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It is well-known that carrier dynamics with the hopping-type mechanism in organic materials is commonly described by rate theories and the dynamics with the band-like behavior in inorganic semiconductors is dealt with by band theories. However, in some novel organic and oxide crystals, where electron-phonon and electronic couplings have a similar order of magnitude, one must use the methods unifying the band-like and hopping-type motions. Focusing on this problem, we have proposed a new method named as hierarchical stochastic Schrödinger equation (HSSE). The HSSE is a kind of numerically exact wavefunction-based approaches for the quantum dynamics simulations in relatively large systems. In this talk, we show the strategy how to obtain the theoretical framework of HSSE and its variety in the real space suitable for organic crystals and in the reciprocal space for inorganic semiconductors. We further present how to combine electronic structure calculations to reveal the dynamics in realistic organic semiconductors, such as exciton energy relaxation, singlet fission, and vibrationally-resolved spectra.
Yi Zhao is Professor of Chemistry in State Key Laboratory of Physical Chemistry of Solid Surfaces and Department of Chemistry, Xiamen University. He received his PhD in Physical Chemistry at Dalian Institute of Chemical Physics, Chinese Academy of Sciences, and Hong Kong University of Science and Technology in 1997. After postdoctoral and visiting studies at Free University-Berlin, UIUC and UC Berkeley, he joined University of Science and Technology of China in 2003 as a professor. In 2004, he visited Institute of Molecular Sciences, Japan, supported by JSPS. In 2008, he moved to Xiamen University. Research of his group focuses on rate theories for adiabatic, nonadiabatic chemical reactions and charge transfer, photo-physics properties of organic functional materials. The proposed novel methods include quantum instanton theory, nonadiabatic transition state theory, Kramers-like theory, hierarchy of stochastic Schrödinger equation, etc.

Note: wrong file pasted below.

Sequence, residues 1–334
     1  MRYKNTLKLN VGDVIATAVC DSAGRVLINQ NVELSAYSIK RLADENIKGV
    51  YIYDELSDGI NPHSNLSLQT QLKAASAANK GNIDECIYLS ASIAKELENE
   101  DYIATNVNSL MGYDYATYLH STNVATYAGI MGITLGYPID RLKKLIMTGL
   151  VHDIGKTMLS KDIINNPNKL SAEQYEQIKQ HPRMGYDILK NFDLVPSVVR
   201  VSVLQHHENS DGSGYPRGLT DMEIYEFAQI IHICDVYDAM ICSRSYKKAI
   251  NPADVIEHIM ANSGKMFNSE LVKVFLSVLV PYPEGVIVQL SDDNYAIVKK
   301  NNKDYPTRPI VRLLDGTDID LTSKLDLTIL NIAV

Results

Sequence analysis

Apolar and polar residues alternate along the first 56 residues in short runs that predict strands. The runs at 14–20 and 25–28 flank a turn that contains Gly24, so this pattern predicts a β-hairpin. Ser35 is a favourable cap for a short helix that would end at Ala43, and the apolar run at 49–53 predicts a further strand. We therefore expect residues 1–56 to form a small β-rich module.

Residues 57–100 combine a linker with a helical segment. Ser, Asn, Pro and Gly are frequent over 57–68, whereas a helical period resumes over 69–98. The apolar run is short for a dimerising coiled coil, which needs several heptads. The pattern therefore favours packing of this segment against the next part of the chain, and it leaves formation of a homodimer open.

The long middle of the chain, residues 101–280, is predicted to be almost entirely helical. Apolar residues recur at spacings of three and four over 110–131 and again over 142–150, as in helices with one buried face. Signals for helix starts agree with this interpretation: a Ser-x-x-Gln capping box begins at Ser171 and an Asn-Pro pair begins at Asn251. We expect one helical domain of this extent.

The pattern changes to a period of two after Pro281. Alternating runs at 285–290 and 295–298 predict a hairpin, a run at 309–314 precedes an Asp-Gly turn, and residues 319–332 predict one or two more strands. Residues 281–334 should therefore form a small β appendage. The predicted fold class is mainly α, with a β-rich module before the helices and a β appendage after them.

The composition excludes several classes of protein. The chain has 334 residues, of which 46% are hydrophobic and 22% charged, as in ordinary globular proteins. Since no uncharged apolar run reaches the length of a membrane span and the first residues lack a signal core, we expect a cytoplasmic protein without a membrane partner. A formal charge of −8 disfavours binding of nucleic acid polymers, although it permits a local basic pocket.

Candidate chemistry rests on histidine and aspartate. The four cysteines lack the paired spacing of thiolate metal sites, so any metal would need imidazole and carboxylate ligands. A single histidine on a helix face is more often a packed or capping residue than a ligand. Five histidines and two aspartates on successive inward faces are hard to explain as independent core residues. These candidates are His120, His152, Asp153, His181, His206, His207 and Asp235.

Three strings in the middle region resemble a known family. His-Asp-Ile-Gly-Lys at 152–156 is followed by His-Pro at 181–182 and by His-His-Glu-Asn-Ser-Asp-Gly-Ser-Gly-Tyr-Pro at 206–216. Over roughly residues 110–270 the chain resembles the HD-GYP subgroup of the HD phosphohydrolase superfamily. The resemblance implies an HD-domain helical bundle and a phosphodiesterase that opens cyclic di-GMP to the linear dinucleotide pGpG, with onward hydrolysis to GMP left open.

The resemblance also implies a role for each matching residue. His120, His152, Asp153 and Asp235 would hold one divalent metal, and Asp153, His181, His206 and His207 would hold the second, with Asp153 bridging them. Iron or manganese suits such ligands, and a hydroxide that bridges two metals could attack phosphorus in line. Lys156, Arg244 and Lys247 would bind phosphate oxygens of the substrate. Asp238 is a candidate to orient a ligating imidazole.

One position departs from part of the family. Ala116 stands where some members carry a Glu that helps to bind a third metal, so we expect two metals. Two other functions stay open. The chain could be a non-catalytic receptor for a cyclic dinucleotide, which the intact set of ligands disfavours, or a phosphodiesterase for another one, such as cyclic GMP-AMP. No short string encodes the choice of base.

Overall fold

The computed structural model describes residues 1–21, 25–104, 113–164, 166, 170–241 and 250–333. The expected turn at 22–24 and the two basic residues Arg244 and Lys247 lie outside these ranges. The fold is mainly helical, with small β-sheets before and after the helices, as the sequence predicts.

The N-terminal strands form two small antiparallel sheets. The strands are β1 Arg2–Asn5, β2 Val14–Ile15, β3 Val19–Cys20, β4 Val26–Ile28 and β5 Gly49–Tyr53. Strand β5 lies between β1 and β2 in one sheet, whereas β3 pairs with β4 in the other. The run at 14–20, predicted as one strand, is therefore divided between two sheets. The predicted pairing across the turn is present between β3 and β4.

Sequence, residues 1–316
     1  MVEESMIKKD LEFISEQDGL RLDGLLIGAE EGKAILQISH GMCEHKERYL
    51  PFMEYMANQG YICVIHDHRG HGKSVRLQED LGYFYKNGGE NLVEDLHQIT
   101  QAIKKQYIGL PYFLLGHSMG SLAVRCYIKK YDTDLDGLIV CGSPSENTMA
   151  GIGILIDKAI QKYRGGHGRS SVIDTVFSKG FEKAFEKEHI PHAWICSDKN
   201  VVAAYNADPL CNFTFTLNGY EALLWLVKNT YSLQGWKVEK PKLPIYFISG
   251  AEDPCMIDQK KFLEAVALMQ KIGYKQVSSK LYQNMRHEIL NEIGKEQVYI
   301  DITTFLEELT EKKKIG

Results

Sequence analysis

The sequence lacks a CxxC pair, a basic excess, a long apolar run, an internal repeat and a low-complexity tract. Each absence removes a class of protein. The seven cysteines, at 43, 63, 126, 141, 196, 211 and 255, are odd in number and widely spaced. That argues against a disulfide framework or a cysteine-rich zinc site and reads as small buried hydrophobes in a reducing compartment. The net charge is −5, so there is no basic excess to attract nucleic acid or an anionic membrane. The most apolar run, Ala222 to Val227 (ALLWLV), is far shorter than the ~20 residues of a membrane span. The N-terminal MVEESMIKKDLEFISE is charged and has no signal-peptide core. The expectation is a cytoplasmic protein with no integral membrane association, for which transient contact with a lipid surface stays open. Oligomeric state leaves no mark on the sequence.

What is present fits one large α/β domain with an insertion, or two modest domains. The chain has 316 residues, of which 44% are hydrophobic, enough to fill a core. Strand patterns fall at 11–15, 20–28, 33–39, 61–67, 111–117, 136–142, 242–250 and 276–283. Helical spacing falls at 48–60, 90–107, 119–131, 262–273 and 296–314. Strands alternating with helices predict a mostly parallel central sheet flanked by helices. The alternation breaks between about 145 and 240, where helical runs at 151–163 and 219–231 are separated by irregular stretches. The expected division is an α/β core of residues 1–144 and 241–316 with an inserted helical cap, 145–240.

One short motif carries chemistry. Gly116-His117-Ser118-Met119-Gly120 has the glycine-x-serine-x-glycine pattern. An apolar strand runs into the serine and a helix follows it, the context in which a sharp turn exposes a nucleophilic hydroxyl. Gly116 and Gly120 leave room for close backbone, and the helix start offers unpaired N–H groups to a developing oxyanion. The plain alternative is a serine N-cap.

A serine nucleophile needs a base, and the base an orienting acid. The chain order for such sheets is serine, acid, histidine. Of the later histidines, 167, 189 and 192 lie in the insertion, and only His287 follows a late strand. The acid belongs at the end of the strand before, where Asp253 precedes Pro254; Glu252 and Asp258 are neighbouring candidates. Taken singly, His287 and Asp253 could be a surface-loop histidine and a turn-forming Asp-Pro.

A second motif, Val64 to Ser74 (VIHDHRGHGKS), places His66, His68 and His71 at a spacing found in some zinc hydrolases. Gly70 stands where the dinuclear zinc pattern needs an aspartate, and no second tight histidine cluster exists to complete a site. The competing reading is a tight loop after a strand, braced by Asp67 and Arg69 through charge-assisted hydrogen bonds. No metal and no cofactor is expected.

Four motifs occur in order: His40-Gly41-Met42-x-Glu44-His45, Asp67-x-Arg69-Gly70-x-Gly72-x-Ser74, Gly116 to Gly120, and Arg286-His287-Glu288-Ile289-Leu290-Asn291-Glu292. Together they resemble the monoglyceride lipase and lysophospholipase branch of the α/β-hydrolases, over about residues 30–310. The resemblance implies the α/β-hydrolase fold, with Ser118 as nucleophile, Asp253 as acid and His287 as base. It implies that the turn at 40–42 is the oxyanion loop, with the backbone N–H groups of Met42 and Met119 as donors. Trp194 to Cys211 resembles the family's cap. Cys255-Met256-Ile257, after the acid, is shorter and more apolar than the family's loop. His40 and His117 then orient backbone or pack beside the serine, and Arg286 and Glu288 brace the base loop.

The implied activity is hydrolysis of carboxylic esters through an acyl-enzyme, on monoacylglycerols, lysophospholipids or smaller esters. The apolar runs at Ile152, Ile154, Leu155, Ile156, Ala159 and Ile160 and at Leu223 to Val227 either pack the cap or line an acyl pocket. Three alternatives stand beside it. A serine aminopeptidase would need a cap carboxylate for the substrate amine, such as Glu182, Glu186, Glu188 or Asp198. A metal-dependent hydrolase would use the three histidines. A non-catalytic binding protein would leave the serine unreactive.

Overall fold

Seminar Series by the NYU-ECNU Center for Computational Chemistry at NYU Shanghai